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I would like to calculate the average of a a set of numbers without knowing the sum of the set. In other words, I want to calculate the average with knowing as little information as possible.

Note: I do not want to use $\frac{sum}{total}$

I am using looping (induction, I believe) to calculate the average.

I would like to keep track of only one variable, say x, which is equal to the current accuracy.

Is it possible to calculate x without knowing sum?

In summary: seeking how can you calculate the new average knowing only the number of elements and the current average.

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Notice that sum is the current average times the current number of elements...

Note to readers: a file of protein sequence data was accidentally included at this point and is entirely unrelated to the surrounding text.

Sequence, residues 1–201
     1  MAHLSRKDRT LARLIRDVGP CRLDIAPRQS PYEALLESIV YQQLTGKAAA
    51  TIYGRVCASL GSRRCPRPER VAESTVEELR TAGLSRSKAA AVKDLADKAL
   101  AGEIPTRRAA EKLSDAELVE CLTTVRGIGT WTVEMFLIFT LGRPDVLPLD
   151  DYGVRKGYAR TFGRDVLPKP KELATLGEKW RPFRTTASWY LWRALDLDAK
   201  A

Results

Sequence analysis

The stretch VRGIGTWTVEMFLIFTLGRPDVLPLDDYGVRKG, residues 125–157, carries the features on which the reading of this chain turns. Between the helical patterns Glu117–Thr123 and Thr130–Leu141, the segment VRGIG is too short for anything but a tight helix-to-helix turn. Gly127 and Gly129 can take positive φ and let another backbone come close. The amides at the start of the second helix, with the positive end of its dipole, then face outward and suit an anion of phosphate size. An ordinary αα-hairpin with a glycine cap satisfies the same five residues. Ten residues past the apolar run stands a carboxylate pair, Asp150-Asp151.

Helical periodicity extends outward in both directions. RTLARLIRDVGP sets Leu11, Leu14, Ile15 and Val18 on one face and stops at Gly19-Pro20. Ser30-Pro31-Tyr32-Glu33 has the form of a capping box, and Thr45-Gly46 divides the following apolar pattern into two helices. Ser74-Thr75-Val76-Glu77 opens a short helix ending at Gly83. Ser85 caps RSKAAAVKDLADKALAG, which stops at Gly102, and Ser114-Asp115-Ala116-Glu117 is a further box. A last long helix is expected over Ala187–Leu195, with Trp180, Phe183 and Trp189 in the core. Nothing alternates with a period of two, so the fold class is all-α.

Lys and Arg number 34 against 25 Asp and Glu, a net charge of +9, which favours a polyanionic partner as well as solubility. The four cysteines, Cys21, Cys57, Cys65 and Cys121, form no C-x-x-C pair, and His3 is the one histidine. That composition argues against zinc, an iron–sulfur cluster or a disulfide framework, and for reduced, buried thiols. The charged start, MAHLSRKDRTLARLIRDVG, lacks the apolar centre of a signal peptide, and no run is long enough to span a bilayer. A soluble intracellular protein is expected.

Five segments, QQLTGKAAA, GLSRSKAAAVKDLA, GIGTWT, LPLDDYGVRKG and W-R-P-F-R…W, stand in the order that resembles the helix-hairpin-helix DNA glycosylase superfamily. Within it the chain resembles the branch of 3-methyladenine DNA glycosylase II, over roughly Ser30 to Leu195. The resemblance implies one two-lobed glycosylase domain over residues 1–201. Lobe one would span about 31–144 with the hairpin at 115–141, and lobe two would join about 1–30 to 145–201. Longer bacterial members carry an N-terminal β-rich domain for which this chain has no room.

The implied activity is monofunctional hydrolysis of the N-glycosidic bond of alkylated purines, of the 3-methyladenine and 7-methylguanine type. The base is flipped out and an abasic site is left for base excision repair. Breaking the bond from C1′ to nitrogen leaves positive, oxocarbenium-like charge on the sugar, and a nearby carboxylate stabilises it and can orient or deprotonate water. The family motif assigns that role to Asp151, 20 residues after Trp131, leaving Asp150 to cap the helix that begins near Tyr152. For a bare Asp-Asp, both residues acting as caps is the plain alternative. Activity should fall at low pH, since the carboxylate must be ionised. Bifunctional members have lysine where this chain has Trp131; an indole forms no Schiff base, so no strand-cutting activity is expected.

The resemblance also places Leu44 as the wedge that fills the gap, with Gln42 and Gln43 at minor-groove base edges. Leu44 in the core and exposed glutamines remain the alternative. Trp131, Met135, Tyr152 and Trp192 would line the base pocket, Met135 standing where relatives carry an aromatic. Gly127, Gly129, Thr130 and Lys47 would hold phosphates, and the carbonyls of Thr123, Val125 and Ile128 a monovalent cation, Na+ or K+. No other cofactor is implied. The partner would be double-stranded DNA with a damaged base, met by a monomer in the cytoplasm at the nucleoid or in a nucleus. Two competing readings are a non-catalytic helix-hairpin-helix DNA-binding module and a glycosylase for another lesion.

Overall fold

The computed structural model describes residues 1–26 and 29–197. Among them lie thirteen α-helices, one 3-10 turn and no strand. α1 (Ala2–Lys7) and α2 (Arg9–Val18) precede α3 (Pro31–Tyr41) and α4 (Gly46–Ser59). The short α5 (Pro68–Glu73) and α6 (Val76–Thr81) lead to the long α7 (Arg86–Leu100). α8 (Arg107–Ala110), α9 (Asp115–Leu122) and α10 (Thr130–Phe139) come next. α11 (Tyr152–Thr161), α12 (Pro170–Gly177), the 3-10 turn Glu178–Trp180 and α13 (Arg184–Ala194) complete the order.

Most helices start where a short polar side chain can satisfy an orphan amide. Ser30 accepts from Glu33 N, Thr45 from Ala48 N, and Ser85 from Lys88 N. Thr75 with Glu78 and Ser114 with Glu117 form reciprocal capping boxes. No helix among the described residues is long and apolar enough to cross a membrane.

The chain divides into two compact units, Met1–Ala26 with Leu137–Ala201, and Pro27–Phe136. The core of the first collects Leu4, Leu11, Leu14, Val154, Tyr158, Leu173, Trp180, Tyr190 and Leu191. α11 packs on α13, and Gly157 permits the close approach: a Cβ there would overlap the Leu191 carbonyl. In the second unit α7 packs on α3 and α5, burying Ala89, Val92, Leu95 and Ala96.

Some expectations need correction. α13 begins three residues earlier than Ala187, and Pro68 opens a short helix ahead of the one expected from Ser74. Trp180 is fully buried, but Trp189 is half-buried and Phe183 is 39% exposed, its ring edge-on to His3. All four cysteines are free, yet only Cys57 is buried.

Suppose that $a(n)$ is the average of the first $n$ elements of the set and $e$ is the $n+1^{\text{st}}$ element. Then $$ a(n+1) = \frac{n a(n) + e}{n+1} \text{.} $$ Of course, all this does is reconstruct sum, update it with the new element and then divide to get the new running average.

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You need to keep track of two numbers. If you don't you don't know how much a new number changes the average. Say the average of the first bunch is $100$ and you get a new one of $1$. If the first bunch is just one, the new average is $50.5$. If the first batch is $100$ the new average is about $99$.

You can do it in a loop if you keep track of the current average $a$ and the number of items seen so far $n$. This hides the fact that the total so far is $an$. If you get a new value $d$ you can update the average to be $\frac {an+d}{n+1}$ and the count to be $n+1$. In a sense this is doing the same thing, but you don't have to keep the whole list available.

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Let us start with an example.

Find the average of $$\{ 3,5,6,2\}$$

$$3+5=8,8/2 = 4$$

$$2(4)+6 =14, 14/3 = 14/3$$

$$3(14/3)+2=16, 16/4=4$$

Which is the final average.

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